The decrease company attributed the revenue drop to lower Tactical Communications revenue in the Communication Systems segment and lower revenue due to the impact of the divestiture of the Aerostructures business in the fourth quarter of 2016. Other factors were environmental and commercial space programs in the Space and Intelligence Systems segment that moved from build-out to sustainment. Bringing in more revenue were the ramp up of the United Arab Emirates integrated battle management system program, electronic warfare in the Electronic Systems segment, and a $36 million revenue increase from classified customers in the Space and Intelligence Systems segment.
Harris reported a 70% jump in net income to $553 million in 2017 from 2016. The big difference was a lower loss from discontinued operations in 2017, $85 million compared to loss of $287 million in 2016.
Cash flow from operations fell to $569 million in 207 from $924 million in 2016 because of a $415 million payment to the company pension plan and $127 million less of impairment of goodwill and other assets.
Harris Corp. has reconfigured its operations through a series of five divestitures in the past four years. That has provided the company with the resources to focus on what it considers growth opportunities: managed satellite communications, public safety and professional communications, health care IT, and emerging national markets, particularly in the energy, maritime, and government sectors.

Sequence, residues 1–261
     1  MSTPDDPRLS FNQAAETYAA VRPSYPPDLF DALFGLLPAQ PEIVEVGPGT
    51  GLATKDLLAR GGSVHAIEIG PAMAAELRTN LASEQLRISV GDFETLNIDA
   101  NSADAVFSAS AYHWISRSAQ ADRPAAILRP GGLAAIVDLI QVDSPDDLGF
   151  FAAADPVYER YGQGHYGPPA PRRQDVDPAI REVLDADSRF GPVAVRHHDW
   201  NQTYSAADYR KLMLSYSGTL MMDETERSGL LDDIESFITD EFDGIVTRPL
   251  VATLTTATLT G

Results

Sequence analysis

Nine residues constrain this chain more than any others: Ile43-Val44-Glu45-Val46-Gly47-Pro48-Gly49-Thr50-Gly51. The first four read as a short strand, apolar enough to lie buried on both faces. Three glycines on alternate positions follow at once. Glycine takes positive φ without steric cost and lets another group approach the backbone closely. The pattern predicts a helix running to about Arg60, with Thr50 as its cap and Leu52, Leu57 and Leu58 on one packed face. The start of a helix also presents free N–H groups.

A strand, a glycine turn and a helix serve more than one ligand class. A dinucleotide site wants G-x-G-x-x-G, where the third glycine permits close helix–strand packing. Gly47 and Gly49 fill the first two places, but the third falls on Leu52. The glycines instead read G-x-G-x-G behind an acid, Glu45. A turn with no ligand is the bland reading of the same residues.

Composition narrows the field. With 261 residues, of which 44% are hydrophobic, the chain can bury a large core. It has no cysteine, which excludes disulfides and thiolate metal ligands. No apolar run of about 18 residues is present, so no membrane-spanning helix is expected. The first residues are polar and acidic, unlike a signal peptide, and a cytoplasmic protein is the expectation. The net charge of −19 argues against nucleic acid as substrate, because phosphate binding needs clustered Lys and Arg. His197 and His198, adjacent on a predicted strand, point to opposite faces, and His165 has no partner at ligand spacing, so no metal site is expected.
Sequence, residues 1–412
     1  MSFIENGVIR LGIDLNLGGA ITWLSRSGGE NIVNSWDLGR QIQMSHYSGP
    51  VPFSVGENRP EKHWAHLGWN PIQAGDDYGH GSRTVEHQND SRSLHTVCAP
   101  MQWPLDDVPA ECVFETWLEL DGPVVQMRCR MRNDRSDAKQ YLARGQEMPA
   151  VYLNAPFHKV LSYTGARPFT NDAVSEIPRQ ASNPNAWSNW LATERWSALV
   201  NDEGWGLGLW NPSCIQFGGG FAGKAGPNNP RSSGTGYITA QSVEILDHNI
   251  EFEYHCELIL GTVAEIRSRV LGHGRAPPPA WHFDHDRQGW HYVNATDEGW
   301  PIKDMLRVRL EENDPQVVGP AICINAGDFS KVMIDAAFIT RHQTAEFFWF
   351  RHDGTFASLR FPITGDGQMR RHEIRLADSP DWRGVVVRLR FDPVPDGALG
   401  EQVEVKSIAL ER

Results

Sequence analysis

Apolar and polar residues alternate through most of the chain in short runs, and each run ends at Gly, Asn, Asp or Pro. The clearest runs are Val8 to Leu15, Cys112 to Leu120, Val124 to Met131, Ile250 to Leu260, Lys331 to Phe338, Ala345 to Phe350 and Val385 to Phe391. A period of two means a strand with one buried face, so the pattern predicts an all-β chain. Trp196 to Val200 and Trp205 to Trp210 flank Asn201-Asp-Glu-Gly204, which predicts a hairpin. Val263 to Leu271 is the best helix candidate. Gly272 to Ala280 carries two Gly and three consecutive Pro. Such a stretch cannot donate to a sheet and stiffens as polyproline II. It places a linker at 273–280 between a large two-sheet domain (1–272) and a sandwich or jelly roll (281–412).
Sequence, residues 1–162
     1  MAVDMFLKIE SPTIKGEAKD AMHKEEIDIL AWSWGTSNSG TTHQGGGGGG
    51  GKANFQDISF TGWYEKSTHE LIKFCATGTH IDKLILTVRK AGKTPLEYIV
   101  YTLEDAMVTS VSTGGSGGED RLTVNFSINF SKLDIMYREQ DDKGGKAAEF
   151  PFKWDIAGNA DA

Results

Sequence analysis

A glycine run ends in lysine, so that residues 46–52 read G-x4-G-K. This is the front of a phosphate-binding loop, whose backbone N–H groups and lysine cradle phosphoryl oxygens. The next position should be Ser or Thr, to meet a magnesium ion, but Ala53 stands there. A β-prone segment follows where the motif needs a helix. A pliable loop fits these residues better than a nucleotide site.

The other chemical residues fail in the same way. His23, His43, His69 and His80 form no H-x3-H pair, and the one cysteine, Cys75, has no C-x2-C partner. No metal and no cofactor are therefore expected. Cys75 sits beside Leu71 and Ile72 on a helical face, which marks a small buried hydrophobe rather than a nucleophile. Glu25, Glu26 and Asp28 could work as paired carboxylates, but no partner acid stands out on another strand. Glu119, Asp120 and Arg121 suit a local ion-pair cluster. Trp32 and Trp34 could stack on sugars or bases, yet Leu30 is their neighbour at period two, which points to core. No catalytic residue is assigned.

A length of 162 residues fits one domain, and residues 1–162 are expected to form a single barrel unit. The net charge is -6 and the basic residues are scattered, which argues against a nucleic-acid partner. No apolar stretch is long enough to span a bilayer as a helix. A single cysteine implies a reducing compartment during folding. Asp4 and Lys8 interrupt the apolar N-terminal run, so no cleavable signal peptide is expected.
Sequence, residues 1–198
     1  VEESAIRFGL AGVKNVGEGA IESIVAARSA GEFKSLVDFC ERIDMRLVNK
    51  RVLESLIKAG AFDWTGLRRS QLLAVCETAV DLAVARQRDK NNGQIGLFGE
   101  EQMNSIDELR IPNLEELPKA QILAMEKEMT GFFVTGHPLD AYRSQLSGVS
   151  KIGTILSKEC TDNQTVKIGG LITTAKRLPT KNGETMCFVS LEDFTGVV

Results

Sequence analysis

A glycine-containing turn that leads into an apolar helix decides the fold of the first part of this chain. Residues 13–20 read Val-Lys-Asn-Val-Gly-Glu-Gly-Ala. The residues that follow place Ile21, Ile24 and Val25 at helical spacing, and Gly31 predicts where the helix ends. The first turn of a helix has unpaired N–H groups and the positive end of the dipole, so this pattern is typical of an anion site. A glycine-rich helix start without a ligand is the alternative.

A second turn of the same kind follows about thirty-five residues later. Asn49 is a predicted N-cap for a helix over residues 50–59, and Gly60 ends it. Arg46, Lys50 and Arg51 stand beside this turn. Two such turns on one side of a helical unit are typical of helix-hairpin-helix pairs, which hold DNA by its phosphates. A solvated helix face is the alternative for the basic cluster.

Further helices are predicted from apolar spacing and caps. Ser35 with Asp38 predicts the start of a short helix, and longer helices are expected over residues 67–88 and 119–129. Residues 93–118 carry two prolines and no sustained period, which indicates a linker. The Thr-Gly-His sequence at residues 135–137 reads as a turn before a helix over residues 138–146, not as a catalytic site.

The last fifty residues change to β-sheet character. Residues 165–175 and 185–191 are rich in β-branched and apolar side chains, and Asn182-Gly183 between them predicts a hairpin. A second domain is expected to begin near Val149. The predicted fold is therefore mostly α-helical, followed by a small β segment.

The company has rolled out several products that reflect the new focus. They include an HF manpack radio that provides soldiers with 10 times faster data rates than other equipment, an advanced, wideband phased-array antenna with improved anti-jamming electronic warfare capabilities, and an environmental sensor that more precisely detects greenhouse gas emissions and a robotic system with human-like dexterity for ease of use in bomb disposal and other applications.
Harris’ changes have increased its sales to and dependence on government, and particularly defense-related customers. Sales to federal agencies account for about three-quarters of revenue, up from about two-thirds in 2015. Not all of it is defense, however. Some government work is related to civil agencies in law enforcement and aviation.
Mergers and Acquisitions
While most of Harris Corp.’s focus has been on divesting operations that no longer fit into its product mix, it has made one significant acquisition. In 2015 it bought Exelis, provider of communications products catering to the government, in a transaction worth $4.7 billion. The deal beefed up Harris' presence in the government sector.
1025 W NASA BLVD
Melbourne, FL 32919-0001
Phone: 1 (321) 727-9100
Employer Type: Publicly Owned
Stock Symbol: HRS
Stock Exchange: , NYSE
Chairman, President, and CEO: William M. Brown
CIO: Henry Debnam
SVP and CFO: Rahul Ghai
Employees (This Location): 269
Employees (All Locations): 17,500